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Taking Care Of Business And Social Needs Too

“A lot of times social enterprise comes out of a community looking at how to meet its business needs that can’t be met with a private-market business model.”


When women in Altona proposed selling second-hand clothing back in the early 1970s, they only wanted to hold a fund-raiser for Mennonite Central Committee.

Little did they know they would spark a province-wide, and eventually North Americanwide, network comprised of 106 stores in Canada and the U. S.

Today MCC thrift stores, found in large cities and small towns across the continent, generate sales worth about $10 million a year. The funds are all directed toward Mennonite Central Committee’s international development work.

The MCC thrift store is a thriving example of what community development experts often call “social enterprise,” or a business operated by a nonprofit organization.

Social enterprise, even more broadly defined, is an approach to doing business that seeks a so-called “blended return on investment,” or wants to achieve more than earn a profit as a key objective.


Social enterprise is business that is socially responsive, generates benefit for entire communities, and often takes up an activity the private sector won’t touch, according to David LePage, program manager for a B. C.-based group called Enterprising Non-Profits (ENP) in Vancouver. He was in Manitoba in June for a conference on community development and social enterprise.

When a community forms a co-op to operate any sort of business, such as a grocery store or café, this is also social enterprise, although most seldom think of it in those terms, says LePage. These are businesses that aim for broader social benefits, in addition to providing goods or services.

“Social enterprise has really been practised for a long, long time. Co-ops and thrift stores have supported social causes for many, many years,” said LePage, during a workshop hosted by the Canadian Community Economic Development Network (CCED Network) which drew over 400 participants to Manitoba in June.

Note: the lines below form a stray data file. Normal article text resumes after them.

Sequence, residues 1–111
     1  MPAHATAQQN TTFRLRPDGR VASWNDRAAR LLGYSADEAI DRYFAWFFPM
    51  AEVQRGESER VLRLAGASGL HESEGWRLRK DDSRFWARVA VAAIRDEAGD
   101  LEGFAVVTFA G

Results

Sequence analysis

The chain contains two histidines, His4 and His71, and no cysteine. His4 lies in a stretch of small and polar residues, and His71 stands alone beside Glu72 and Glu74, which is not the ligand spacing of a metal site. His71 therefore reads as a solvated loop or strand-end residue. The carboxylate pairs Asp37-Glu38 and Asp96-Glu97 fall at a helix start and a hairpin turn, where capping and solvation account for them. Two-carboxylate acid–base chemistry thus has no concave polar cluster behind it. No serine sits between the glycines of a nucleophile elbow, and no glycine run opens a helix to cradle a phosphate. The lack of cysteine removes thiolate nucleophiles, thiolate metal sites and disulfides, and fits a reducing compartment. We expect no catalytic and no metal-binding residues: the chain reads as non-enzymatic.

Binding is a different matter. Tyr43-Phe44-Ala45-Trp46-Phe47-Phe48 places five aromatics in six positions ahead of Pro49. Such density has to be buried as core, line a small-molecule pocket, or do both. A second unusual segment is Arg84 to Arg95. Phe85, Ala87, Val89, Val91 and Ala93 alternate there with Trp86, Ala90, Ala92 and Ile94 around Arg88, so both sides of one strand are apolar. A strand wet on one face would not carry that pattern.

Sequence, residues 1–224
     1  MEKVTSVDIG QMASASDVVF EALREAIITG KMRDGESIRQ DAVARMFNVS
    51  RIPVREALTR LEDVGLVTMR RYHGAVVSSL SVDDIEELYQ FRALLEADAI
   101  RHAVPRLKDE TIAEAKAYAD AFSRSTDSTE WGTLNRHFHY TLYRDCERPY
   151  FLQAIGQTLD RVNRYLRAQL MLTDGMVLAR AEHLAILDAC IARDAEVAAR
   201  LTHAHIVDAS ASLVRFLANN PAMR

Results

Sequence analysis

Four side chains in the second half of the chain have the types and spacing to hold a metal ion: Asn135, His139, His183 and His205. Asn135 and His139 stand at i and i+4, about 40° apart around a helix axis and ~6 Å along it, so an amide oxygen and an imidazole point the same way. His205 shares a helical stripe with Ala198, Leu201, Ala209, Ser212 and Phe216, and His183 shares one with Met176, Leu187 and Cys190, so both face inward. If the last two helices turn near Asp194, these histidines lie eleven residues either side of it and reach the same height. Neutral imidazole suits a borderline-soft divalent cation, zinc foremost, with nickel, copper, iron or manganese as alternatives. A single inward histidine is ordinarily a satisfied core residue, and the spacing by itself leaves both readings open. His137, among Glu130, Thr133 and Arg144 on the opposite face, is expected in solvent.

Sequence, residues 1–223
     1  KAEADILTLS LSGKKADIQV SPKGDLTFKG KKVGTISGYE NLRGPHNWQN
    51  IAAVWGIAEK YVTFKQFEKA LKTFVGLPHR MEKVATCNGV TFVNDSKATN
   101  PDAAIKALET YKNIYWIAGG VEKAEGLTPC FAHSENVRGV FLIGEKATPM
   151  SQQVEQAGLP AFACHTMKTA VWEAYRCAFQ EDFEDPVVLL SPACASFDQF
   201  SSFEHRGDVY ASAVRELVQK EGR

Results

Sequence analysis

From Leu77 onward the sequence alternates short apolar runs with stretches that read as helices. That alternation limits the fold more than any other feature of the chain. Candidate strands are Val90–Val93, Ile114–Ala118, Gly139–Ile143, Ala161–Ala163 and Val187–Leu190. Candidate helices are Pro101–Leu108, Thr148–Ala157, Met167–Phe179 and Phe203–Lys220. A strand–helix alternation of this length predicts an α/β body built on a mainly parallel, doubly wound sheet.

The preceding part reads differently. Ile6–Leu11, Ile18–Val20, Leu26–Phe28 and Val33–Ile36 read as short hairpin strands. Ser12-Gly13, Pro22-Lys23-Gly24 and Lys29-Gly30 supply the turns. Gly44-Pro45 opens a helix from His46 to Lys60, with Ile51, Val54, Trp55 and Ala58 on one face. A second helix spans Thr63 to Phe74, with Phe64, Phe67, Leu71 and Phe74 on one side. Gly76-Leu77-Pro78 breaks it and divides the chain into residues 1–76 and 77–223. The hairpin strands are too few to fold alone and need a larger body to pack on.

LePage is a member of CCED Network’s policy council and the Social Enterprise Council of Canada, an alliance of social enterprise leaders across Canada offering their expertise to help more Canadians establish social enterprise.


When non-profit groups start running a business, their reasons can range from purely financial – that is, need for cash to fund the group’s work – to wanting to achieve goals by running the business itself, explains LePage. Most often they achieve both.

Whole communities derive benefits from the presence of

MCC thrift stores, for example. Families can purchase affordable, good used clothing and household items at these stores. The stores recycle goods and keep them out of landfills.

In Manitoba, the Friendly Corner Bake Shop, located in Grandview has been owned and operated by Grandview Residential Services Inc. since the early 1980s.

First and foremost, their goal was to create jobs for their clients, said Jim Knox, chairman of GRS Inc.’s board of directors. Today over 30 persons are employed full and part time here. Yet Friendly Corner Bake Shop is also a very popular place to eat in town and a key business for a small community where it’s hard to lure private restaurant owners. “It’s been a really good thing for our community, a win-win for everyone,” says Knox.

LePage says more non-profit groups are exploring business options as government grants for the non-profit sector dry up. “They’re getting very creative in terms of looking at how